We discuss the use of current shared-memory systems for discrete-particle modeling of heterogeneous mesoscopic complex fluids in irregular geometries. This has been demonstrated by way of mesoscopic blood flow in bifurcating capillary vessels. The plasma is represented by fluid particles, while the other blood constituents are made of "solid" particles interacting with harmonic forces. The particle code was tested on 4 and 8 processors of SGI/Origin 3800 (R14000/500), IBM Regatta (Power4/1300), SGI Altix 3000 (Itanium®2/1300) systems and 2-processor AMD Opteron 240 motherboard. The tests were performed for the same system employing two million fluid and "solid" particles. We show that irregular boundary conditions and heterogeneity of the particle fluid inhibit efficient implementation of the model on superscalar processors. We improve the efficiency almost threefold by reducing the effect of computational imbalance using a simple load-balancing scheme. Additionally, in employing MPI on shared memory machines, we have constructed a simple middleware library to simplify parallelization. The efficiency of the particle code depends critically on the memory latency. Therefore, the latest architectures with the fastest CPU-memory interface, such as AMD Opteron and Power4, represent the most promising platforms for modeling the complex mesoscopic systems with fluid particles. As an example of application of small, shared-memory clusters in solving very complex problems we demonstrate the results of modeling red blood cells clotting in blood flow in capillary vessels due to fibrin aggregation.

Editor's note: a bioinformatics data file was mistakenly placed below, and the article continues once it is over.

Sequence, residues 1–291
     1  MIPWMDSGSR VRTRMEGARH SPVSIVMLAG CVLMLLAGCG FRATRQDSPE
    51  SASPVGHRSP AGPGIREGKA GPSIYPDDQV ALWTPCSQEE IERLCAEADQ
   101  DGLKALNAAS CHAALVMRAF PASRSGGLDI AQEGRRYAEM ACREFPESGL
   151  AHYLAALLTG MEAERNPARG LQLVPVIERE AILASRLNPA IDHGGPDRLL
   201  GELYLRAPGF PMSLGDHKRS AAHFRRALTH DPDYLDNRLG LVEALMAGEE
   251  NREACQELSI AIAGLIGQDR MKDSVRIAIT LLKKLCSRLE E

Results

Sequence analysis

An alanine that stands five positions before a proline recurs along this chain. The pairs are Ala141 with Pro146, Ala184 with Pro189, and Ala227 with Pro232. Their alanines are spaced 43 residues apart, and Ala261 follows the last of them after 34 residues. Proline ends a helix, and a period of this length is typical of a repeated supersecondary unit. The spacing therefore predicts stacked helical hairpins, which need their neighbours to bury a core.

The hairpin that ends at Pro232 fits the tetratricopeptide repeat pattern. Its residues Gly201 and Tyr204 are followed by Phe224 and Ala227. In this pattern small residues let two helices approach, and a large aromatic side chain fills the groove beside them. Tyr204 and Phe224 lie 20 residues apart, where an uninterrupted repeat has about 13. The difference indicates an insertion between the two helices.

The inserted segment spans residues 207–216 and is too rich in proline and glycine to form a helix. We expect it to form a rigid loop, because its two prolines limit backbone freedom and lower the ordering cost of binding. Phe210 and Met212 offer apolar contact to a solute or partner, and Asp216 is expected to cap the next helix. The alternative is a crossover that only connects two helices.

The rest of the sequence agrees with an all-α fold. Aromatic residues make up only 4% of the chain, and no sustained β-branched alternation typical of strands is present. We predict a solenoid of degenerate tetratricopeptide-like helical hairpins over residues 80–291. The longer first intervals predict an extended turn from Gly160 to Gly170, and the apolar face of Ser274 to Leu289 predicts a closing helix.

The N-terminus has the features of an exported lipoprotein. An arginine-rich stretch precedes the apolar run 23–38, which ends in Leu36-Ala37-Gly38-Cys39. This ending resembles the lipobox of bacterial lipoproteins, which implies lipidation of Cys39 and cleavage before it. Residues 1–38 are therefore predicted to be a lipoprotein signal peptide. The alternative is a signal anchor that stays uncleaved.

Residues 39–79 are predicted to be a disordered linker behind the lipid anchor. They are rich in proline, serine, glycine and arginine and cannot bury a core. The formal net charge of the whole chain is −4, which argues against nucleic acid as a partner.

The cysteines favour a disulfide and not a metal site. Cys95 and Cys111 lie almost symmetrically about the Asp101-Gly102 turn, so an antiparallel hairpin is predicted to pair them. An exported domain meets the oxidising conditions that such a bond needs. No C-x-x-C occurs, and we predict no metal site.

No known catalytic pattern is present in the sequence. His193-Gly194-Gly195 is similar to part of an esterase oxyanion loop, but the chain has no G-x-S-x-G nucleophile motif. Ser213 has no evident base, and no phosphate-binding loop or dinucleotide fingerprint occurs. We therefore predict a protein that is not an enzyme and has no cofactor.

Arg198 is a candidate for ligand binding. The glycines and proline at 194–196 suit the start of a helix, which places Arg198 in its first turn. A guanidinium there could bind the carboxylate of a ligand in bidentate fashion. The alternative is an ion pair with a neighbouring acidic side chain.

|Original language||English (US)|
|Number of pages||12|
|State||Published - Jan 15 2005|
Bibliographical noteFunding Information:
Support for this work has come from the Polish Committee for Scientific Research (KBN) project 4T11F02022 and the Complex Fluids Program of DOE.
- Blood flow dynamics
- Fluid particle model
- Parallel algorithm
- Shared memory systems